Visual Integration: The integration of visual information with the other senses is critical. Making sense of your world relies on all of the senses working harmoniously. The integration of visual and motor skills is important for eye-hand coordination during athletic competition.

Visual Perception: This group of skills includes visual discrimination (determining likeness), spatial relations (determining differences), form constancy (determining sameness even when changed in size or orientation), visual memory, visual sequential memory, figure-ground (extracting valuable information from the background), and visual closure (ability to put the pieces together to form the whole). These perceptual skills are essential for optimal athletic performance.

Working Memory: This perceptual skill is critical for athletic success. Whether it is remembering a pitcher’s tendencies, which routes to run as a wide receiver, or remembering how a hole in golf plays, working memory is a part of most athletic events.

Vision therapy can also be used to train the visual system after a concussion occurs. A concussion is a mild form of traumatic brain injury that can occur in many ways, including playing sports. According to “The Concussion Project,” 10%-20% of concussions result in symptoms that can last weeks, months, or more. When these symptoms persist, a condition known as post-concussion syndrome occurs. Typical symptoms of post-concussion syndrome are confusion, headache, nausea, unsteadiness, light sensitivity, blurred vision, double vision, loss of place with reading, and dizziness. Recent research suggests that over 50% of patients with concussion or post-concussion syndrome have visual problems that can cause headaches, double vision, eye strain, or blurred vision. Through vision therapy, the visual system can be retrained to help eliminate the visual symptoms that are most commonly associated with post-concussion syndrome. This is generally termed neuro-optometric rehabilitation.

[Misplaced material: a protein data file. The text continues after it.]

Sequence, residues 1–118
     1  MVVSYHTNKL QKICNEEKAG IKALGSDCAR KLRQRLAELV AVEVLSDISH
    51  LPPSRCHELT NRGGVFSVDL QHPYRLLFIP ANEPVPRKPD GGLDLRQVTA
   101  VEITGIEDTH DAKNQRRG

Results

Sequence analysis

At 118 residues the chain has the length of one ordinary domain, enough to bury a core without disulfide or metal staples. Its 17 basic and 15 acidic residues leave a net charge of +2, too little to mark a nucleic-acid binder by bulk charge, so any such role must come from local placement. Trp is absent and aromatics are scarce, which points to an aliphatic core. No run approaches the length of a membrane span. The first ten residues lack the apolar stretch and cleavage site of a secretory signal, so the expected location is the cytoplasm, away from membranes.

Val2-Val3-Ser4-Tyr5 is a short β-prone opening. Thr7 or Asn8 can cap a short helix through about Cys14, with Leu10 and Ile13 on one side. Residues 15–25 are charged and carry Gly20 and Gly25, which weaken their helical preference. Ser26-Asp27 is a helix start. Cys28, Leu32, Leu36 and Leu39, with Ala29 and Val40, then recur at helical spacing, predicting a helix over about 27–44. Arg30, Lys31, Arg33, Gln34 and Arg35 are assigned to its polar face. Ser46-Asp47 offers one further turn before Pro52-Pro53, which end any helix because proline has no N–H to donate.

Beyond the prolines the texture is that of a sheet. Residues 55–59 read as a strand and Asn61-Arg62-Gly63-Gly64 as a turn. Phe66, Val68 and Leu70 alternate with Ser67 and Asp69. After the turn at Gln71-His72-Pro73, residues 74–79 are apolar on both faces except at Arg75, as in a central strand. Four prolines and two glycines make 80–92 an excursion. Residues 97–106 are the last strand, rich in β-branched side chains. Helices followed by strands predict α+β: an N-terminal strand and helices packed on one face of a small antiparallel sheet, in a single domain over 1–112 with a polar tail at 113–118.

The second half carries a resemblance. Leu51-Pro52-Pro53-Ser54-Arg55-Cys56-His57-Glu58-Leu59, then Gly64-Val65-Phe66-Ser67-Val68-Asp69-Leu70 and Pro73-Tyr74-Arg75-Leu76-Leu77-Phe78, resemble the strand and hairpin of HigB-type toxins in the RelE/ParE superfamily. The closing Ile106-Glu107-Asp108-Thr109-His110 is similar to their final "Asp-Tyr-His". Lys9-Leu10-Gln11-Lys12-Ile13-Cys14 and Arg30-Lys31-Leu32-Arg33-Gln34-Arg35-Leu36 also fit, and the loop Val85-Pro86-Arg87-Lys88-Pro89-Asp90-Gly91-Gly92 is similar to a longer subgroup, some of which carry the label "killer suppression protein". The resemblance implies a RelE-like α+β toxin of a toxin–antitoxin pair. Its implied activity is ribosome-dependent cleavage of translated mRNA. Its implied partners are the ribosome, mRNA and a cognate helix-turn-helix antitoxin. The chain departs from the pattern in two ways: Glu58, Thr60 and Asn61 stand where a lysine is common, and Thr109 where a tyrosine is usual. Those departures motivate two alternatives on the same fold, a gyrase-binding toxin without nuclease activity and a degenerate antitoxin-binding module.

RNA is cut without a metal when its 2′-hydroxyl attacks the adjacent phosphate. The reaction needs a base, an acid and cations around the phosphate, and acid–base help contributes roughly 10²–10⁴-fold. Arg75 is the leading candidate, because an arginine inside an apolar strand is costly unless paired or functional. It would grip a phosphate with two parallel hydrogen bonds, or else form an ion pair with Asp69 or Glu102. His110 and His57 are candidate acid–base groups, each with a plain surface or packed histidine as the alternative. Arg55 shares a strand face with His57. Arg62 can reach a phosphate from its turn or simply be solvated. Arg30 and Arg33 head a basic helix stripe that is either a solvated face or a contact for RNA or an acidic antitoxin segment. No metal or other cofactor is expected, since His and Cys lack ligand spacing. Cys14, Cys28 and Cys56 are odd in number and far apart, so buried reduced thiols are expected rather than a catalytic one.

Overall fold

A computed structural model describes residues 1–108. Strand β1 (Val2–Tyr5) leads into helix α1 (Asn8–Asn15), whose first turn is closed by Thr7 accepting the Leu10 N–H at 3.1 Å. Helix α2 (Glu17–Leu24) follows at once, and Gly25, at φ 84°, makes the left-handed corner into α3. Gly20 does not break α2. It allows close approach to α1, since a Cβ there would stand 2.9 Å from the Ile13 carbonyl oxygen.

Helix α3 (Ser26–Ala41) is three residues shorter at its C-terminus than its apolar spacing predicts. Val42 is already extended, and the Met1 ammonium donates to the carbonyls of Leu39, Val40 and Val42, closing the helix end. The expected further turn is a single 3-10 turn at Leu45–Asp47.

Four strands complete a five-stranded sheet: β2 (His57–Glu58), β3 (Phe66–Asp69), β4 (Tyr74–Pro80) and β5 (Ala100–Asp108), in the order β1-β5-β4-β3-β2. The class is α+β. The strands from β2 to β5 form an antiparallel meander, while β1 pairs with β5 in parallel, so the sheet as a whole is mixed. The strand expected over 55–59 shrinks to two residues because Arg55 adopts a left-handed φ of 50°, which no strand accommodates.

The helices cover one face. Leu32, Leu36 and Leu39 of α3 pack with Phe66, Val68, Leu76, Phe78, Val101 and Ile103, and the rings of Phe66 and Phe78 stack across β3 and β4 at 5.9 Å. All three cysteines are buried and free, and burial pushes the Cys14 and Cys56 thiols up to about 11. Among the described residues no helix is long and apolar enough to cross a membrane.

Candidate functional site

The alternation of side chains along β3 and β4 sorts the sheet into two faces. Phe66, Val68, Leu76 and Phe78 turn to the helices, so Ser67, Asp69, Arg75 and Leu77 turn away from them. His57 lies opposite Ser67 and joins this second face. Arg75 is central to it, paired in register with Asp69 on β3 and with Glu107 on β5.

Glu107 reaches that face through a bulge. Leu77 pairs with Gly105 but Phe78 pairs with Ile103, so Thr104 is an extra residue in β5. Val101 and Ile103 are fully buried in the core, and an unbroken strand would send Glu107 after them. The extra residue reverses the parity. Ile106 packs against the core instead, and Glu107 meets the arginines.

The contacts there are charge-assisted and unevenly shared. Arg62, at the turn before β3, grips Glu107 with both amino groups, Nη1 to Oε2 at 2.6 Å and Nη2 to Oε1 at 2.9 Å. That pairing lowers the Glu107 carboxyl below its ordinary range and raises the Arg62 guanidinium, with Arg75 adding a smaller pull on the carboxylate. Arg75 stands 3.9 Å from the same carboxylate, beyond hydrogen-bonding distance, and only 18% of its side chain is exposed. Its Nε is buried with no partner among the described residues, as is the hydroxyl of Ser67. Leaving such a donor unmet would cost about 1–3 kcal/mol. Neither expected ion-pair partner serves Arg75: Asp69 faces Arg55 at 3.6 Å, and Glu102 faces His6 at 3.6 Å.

Neuro-optometric rehabilitation represents a specific area of optometry, which addresses deficits in eye-teaming, eye focusing, visual tracking, visual processing problems, and related visual problems. These are common with patients who have had a concussion or another form of acquired brain injury. Treatment involves spectacle lens prescriptions, prisms, filters, and special tints which can provide symptomatic relief. Vision therapy is also a powerful form of neuro-optometric rehabilitation. Vision therapy entails a variety of non-surgical therapeutic procedures designed to modify different aspects of visual function. It typically involves a series of treatments during which carefully planned activities are carried out by the patient under professional supervision in order to relieve the visual problem. The specific procedures and instrumentation utilized are determined by the nature and severity of the diagnosed condition. Vision therapy is not instituted to simply strengthen eye muscles, but rather is generally done to treat functional deficiencies in order for the patient to achieve optimal efficiency and comfort.

Sports vision therapy makes good athletes even better. Individualized training programs provide targeted vision performance training, with specificity in sport and position, to enhance and develop elevated levels of sports performance.

Cassandria Warr

Developmental optometrist with McPherson Family Eye Care in Wake Forest.